From: Luiz T, Preisegger T, Rombach D, Madler C. – Deutsches Zentrum für Notfallmedizin & Informationstechnologie, DENIT, Fraunhofer
BACKGROUND – Provision of medical care is an important element of safety precautions for visitors of sports arenas. The organizational requirements are especially high if cardiac arrest occurs; how this scenario is managed may thus serve as the ultimate indicator of the quality of stadium medical care. The objectives of this study were to analyze the structures and the resources available for the medical care of spectators in German professional soccer stadiums and to identify the frequency and the primary resuscitation success of cardiac arrest.
MATERIAL AND METHODS – In 2011 a questionnaire-based survey was performed among the clubs of the first and second German soccer leagues regarding medical care of spectators during the seasons 2008/2009 and 2009/2010. The focus was on the qualifications of emergency teams, the equipment and the incidence of cardiac arrest.
RESULTS – A total of 15 stadiums were included (38 %) in the survey. The mean number of physicians and emergency medical technicians on site was 0.6/10,000 seats and 16/10,000 seats, respectively. Of the latter, a mean of 82 % (minimum 20 % and maximum 100 %) had received training with automatic external defibrillators. In 87 % of the stadiums regular advanced life support training (ALS) was required. The mean number of defibrillators per stadium was 2.8/10,000 seats (minimum 1.3 and maximum 3.8) including 1.7 automatic defibrillators (minimum 0.4 and maximum 2.8). For patient transport, a mean of 0.65 ALS ambulance vehicles per 10,000 seats (minimum 0.14 and maximum 1.46) were available on site. In all stadiums staff members were connected via mobile radio communication with the stadium medical control room. A total of 52 cardiac arrests (= 0.25/100,000 spectators) were recorded of which 96 % of the patients were transported to hospitals with spontaneous circulation.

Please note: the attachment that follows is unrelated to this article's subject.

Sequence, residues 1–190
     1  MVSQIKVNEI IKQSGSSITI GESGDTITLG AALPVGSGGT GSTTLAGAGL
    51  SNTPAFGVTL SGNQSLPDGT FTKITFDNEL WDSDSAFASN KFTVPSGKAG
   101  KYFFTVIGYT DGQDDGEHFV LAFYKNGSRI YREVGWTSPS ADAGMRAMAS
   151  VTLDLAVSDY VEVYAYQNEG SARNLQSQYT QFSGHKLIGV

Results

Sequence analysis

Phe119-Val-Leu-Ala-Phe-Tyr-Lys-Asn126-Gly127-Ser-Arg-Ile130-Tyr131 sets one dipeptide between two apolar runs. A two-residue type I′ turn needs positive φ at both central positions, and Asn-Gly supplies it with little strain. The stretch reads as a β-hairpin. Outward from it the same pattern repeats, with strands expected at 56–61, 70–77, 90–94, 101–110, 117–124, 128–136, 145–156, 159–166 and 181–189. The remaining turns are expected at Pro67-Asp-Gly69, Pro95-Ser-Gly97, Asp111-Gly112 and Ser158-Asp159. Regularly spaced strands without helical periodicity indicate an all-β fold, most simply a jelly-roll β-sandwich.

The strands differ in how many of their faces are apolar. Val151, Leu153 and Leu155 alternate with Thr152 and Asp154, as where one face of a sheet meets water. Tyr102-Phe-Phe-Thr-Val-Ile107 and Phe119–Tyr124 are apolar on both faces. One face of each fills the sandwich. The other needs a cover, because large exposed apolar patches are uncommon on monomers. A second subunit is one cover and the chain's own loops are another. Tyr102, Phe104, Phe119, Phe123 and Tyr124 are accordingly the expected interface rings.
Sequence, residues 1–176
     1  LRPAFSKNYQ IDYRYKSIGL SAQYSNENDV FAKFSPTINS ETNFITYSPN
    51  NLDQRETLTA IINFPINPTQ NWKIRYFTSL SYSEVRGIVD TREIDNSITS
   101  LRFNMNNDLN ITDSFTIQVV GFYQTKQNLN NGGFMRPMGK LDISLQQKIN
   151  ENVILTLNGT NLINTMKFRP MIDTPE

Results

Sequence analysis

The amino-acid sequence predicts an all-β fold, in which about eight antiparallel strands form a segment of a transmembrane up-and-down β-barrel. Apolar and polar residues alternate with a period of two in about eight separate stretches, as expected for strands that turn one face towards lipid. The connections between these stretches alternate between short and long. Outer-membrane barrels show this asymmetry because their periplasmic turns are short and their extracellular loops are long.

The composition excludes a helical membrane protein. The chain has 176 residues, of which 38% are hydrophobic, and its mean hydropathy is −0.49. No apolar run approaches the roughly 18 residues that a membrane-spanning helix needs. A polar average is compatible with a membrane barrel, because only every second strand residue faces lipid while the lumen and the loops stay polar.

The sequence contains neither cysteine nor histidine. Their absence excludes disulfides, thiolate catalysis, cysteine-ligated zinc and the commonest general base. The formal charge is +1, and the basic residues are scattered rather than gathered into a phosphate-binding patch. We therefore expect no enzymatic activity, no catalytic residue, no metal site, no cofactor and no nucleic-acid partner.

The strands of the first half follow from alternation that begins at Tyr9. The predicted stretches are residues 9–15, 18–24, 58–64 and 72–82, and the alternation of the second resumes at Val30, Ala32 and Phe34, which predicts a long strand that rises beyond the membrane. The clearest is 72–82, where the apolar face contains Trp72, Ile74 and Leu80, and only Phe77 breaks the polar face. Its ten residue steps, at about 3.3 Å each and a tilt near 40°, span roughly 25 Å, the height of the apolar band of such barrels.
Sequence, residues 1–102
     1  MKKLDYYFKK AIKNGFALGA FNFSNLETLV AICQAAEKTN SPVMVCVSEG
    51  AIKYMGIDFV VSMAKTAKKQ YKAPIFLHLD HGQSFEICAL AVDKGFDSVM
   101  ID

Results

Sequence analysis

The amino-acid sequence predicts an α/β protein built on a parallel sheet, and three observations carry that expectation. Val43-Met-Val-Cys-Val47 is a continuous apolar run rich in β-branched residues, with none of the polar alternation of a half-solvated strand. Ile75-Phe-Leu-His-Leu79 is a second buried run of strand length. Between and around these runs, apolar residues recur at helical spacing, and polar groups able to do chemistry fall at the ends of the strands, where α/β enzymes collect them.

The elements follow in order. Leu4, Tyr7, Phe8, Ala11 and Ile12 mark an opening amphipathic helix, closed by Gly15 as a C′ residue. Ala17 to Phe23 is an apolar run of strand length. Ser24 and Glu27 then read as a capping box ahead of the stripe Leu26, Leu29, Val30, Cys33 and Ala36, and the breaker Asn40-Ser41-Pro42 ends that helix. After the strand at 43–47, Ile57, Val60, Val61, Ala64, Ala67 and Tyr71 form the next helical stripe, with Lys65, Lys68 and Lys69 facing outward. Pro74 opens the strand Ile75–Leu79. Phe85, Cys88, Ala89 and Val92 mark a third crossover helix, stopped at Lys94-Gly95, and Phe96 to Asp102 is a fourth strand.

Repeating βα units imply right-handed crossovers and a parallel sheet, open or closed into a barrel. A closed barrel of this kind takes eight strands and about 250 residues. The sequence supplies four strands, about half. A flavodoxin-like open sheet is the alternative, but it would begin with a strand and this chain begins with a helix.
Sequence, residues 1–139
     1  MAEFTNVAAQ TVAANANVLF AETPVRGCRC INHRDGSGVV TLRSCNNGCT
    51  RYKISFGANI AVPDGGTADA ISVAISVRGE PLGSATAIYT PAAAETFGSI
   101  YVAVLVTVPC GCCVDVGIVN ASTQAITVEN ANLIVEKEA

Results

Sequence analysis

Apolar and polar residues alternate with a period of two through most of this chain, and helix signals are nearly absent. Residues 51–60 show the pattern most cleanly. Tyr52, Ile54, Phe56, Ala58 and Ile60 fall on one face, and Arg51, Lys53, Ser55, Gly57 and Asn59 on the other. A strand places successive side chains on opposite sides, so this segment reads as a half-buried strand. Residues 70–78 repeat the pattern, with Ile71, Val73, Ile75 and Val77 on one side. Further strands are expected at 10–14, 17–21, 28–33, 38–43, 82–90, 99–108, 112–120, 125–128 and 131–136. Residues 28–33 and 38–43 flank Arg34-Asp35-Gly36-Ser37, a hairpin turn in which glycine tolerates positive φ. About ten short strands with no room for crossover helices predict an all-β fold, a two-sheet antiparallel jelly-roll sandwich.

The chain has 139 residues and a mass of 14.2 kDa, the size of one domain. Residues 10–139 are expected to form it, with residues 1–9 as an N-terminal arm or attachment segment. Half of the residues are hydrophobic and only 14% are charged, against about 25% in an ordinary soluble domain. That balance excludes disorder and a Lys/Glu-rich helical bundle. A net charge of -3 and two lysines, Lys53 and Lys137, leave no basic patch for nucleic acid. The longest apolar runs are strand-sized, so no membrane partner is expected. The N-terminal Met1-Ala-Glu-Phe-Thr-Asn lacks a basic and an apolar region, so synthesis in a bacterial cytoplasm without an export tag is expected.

CONCLUSIONS – Cardiac arrests are not a rare occurrence in German soccer stadiums. The participating stadiums are overall well prepared for such incidents in terms of organization, staff and technology and due to short response times, the resuscitation success by far surpasses that of the standard emergency medical services. These findings may in addition serve as a motivational example to start resuscitation early in public information campaigns.